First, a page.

In 1991, a Japanese physicist called Sumio Iijima applied an electric current across two graphite rods and changed the raw material supply chain for ever.
As the sparks jumped from one rod to the other, the tip of the anode rod vaporized into a cloud of gas. As the carbon-filled gas settled on the chamber walls, it left a thin layer of black soot. A dusty residue that on closer inspection contained carbon nanotubes – each measuring only a few nanometres (0.00001mm) in diameter.
Experiments on this and other nanomaterials showed that they had extraordinary properties. Carbon nanotubes are formed from a hexagonal lattice of carbon that is one of the most electrically conductive materials known to man. They also possess some of the strongest tensile strengths - about 100 time stronger than steel - and yet remain incredibly light.
These are all properties which make nanomaterials practical and versatile as a raw material.
For example, combining the low-weight, excellent electrical conductivity, and superb strength of nanotubes means that they could be used to replace aluminium in high-voltage power cables.
One of the best conductors of electricity is copper, however it is heavy and expensive, so most of the conducting cores of power cables are made of aluminium because it is strong and relatively light weight. However, considerable power is lost as the electricity is passed across the national power grid.
Electricity travels along individual nanotubes very easily, and the material’s low-weight and high-strength mean that fewer pylons would be needed, and less power would be lost on the journey from the power station to the consumer.
As yet, researchers have been unable to synthesize sufficiently long nanotubes for the switch to be made, but each year they are getting closer.
Material researchers have also found a whole array of other materials that can be formed at the nanoscale. Materials that are excellent at conducting light, make superb magnets, can be either excellent insulators or thermally conductive, and most significantly, nanomaterials that can be mixed in with other materials, passing on these properties to industrial ingredients.
The three decades since Iijima discovery has revolutionised the supply of raw materials, with nanotechnology now applied to hundreds of thousands of products in countless industries. Today, agriculture, pharmaceuticals, coatings, construction, electronics, advanced composites, animal husbandry, computing, ceramics, polymers, glass, and the metallurgy industries all use nanotechnology.
The challenge that remains is converting newly discovered nanotechnologies into specific industrial applications and products.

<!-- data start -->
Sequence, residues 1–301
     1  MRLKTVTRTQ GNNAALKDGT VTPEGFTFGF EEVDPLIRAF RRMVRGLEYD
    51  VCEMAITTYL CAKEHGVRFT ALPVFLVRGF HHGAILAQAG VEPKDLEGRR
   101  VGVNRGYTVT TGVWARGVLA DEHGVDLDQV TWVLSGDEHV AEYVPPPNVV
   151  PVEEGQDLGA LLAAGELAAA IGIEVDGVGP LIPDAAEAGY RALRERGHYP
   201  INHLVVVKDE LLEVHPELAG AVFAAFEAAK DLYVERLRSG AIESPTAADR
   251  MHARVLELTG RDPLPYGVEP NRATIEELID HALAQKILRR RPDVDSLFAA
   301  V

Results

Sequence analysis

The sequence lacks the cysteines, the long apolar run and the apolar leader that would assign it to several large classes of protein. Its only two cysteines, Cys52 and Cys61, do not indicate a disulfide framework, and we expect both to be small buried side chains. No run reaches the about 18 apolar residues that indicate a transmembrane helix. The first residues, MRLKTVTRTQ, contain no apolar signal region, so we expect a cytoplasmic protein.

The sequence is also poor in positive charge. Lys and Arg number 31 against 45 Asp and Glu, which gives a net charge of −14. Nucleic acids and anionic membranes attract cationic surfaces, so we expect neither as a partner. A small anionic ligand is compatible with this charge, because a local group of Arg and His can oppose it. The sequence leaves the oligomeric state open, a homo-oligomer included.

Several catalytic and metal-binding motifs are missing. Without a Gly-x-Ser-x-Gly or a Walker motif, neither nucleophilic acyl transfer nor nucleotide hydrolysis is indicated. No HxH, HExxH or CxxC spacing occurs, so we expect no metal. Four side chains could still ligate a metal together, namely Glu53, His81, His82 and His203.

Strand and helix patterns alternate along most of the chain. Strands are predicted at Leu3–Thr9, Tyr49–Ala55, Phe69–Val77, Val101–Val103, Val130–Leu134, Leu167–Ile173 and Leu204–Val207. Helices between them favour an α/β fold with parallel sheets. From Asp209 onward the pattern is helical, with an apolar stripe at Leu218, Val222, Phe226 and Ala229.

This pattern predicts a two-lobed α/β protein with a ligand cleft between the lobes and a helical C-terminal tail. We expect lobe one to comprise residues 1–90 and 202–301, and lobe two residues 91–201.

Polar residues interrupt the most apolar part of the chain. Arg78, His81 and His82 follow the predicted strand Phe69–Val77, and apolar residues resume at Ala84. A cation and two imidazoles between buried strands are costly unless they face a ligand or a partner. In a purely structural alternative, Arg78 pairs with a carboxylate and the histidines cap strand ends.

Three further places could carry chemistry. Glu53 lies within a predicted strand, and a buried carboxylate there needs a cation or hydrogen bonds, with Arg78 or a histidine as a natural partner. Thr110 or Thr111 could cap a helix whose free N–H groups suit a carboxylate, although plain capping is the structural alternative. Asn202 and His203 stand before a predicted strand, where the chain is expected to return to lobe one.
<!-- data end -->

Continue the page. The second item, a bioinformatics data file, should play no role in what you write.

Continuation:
Understanding the issues of raw material supply and manufacturing, the nanotechnology experts at NANO CHEMI GROUP have created a wide range of products which can be combined with conventional raw materials during the manufacturing process to provide unique selling points.
· NANO AF EPO-58: a concentrate mixture of bisphenol A/F epoxy resin and 0,5 wt.% carbon nanomaterials which provides electrical conductivity, electromagnetic properties, thermal conductivity, abrasion resistance, chemical resistance, and mechanical strength.
· NANO AP PCG-23: a modified PC granulate (polycarbonate) that contains 0,12 - 0,25 wt.% of carbon nanomaterials which provides electrical conductivity, electromagnetic properties, thermal conductivity, and ultra-Violet protection.
· NANO AC PES-17: a polyester resin (isophthalic resin) based concentrate containing 0,2 - 0,5 wt.% of carbon nanomaterials which provides electrical conductivity, electromagnetic properties, thermal conductivity, abrasion resistance, chemical resistance, and mechanical strength.
· NANO AC FF-70: a concentrate consisting of a mixture of phenol formaldehyde resin and 0,05 – 4 wt.% of carbon nanomaterials depending on the formulation.
Concentrate NANO AC FF-70 is widely used in polymers to permanently increase antistatic, dissipative or electroconductive surface and volume properties, as well as boosting thermal conductivity, chemical resistance, and mechanical properties.
· NANO AF MMA-48: a methyl methacrylate resin-based concentrate containing 0,4 wt.% of carbon nanomaterials which provides electrical conductivity, electromagnetic properties, thermal conductivity, abrasion resistance, chemical resistance, and mechanical strength.
View the full list of products here.
Like the nanotechnology and manufacturing industries as a whole, innovation at NANO CHEMI GROUP is ongoing.
For this reason, the company has teamed up with nanomaterial scientists from Hamburg Technical University, The Sumy State University, The Leibniz Institute for Polymer Research in Dresden, The Ukrainian Academy of Science, Heyrovsky University, and the Nanotechnology Centre at the Technical University of Ostrava – VSB-TUO to create a ‘design-to-order’ nanotechnology service for manufacturers.
It is a service which allows manufacturers to order nanotechnologies that provide the added mechanical strength, chemical resistance, antimicrobial, electroconductivity, electromagnetism, and UV protection properties that their customers are looking for. Nanomaterials can even be designed to replace more expensive, conventional raw materials, thus lowering costs.
Nanotechnology is rarely a ‘one size, fits all’ solution.
Instead, through careful manipulation of nanotechnologies, raw material experts are able to solve specific challenges in the manufacturing sector. Providing a tailor-made route to better products that can save money and increase product sales.
A revolution in raw material supply made possible thanks to Sumio Iijima and his discovery of carbon nanotubes.
To learn more visit: NANO CHEMI GROUP